My mother died in 1965. The frame went into a box. It was, lost, forgotten. No one wanted it any more. Not until one day in 1968 when my nephew, John, in bell bottom jeans and a tie-dyed shirt, found it while he was looking for inspiration for a university assignment. He wrote the assignment, passed and so kept the frame and my picture in his bedsit as a lucky charm. The room that was always full of loud music, the smell of pot, sweat and cheap beer. The silver plate got black in the thick smoke, the glass got covered with dust.

The frame moved around with John for another ten years. From his bedsit until his first divorce he kept it on display. In the early seventies cigar smoke replaced pot smoke, dinner party conversation and playing children replaced the loud music. By the late seventies his marriage had broken down and the sounds of arguments and screaming adults took over. The silver plate flaked. The picture faded. Eventually Amy issued the ultimatum and John took the easy route. He packed a bag and walked away. She dumped the rest of his belongings on the street. All but the picture frame. It sat, forgotten again, on the top shelf of a book case full of unread Dickens, Shakespeare and Chaucer along with a hundred Mills and Boone romances with broken spines and loose pages. A witness through her days of tears, sadness and endless David Soul ballads. Right through to the day when Amy started dating again. It was the new boyfriend who noticed it.

‘Hey, Amy, who’s this bloke?’

‘I don’t know. It’s one of John’s family I think. I’d forgotten it was there.’

‘He looks drunk. Shame this frame’s not real silver, it would have been worth something.’

‘It’s just a cheap thing. I’ll give it back to John.’

She put the frame face down on a telephone table in the hall. It stayed there for three months. Dark, dusty and ignored until John saw it one day when he was collecting the kids and Amy told him to take it.

John passed the frame on to his nephew, Julian. He was real eighties success story, a young millionaire trader in the city with a blonde girlfriend sharing his converted warehouse apartment. It sat on a shelf in the bathroom because Julian thought it was funny to talk to his Grandad, who told endless stories of austerity, while he was literally pissing away a fortune in overpriced champagne. During one of his parties someone thought it would be a good idea to snort cocaine off the glass. The party went on for days. The conversation fast and meaningless. The smoke as thick as it was in the sixties, the drug of choice and the price of the alcohol massively different. Then the market crashed, and so did Julian. The frame was taken from his repossessed apartment in the mid nineties and sold in a job lot to a second hand furniture dealer. Where it stayed. For two decades. It got moved from time to time. Picked up, dusted, put back somewhere new. But no one wanted to spend six pounds on a faded picture of a stranger in his first suit on his way to his first hangover in a battered frame with few patches of silver plate left.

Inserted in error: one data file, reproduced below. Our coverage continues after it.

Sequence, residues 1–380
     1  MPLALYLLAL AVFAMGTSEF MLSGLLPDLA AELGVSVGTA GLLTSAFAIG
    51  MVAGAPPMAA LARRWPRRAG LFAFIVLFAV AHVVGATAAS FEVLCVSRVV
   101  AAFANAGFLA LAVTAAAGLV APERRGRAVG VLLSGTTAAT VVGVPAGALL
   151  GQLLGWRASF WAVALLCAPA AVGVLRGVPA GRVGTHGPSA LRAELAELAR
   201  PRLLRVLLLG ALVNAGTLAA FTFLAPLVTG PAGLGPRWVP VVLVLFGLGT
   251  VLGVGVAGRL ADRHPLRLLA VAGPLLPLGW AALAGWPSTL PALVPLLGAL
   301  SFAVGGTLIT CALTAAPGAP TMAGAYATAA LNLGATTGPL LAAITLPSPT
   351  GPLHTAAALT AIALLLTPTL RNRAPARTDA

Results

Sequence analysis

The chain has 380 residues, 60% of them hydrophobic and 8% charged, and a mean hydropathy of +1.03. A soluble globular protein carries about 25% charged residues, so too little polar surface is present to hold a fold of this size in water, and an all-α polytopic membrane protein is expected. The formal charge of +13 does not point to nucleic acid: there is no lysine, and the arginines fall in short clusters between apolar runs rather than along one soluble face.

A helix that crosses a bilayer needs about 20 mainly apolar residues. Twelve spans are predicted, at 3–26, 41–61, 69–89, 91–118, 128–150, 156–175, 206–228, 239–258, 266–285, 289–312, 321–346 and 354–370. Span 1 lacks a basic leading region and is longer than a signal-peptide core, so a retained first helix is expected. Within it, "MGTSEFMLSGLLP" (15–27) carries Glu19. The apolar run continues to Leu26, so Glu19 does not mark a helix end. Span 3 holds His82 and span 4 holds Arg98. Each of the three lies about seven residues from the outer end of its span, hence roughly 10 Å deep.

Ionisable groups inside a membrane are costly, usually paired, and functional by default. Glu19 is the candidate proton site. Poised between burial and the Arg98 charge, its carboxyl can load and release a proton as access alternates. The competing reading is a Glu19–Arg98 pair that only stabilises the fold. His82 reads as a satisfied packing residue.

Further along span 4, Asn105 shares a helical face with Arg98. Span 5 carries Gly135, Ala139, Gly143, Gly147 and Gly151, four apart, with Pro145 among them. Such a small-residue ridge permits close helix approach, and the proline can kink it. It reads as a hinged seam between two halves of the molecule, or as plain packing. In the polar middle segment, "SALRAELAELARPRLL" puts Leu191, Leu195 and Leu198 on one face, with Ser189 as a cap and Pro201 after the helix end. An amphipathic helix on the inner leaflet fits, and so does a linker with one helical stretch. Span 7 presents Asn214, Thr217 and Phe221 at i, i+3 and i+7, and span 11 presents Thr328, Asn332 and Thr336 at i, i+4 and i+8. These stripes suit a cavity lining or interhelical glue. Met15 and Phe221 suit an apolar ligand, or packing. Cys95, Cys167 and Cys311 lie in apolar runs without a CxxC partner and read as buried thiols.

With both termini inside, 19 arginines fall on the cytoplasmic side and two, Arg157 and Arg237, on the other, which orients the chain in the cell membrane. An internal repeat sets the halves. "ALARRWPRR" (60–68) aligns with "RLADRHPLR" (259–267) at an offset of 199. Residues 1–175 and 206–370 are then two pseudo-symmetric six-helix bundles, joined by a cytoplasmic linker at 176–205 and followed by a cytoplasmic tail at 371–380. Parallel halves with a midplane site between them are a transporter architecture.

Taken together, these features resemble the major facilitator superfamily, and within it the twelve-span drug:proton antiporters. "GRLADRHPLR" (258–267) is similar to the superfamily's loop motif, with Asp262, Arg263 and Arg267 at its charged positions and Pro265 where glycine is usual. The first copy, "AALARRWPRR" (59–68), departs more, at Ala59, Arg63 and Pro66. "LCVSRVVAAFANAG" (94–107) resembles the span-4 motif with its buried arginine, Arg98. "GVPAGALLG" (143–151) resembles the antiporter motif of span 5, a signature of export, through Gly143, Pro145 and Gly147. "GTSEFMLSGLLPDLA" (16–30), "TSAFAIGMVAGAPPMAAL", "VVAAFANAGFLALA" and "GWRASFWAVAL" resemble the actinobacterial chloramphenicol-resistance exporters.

At one of those dinner parties in the seventies one of John’s friends drunkenly joked that there was a tribe in Peru that believed that having their picture taken stole part of their soul. He found it hilarious. But it’s true. I’ve looked out from this frame for fifty five years. I’ve seen so much. And I’m ready for another change of scenery now. Please.

(c) Chris Johnson 2015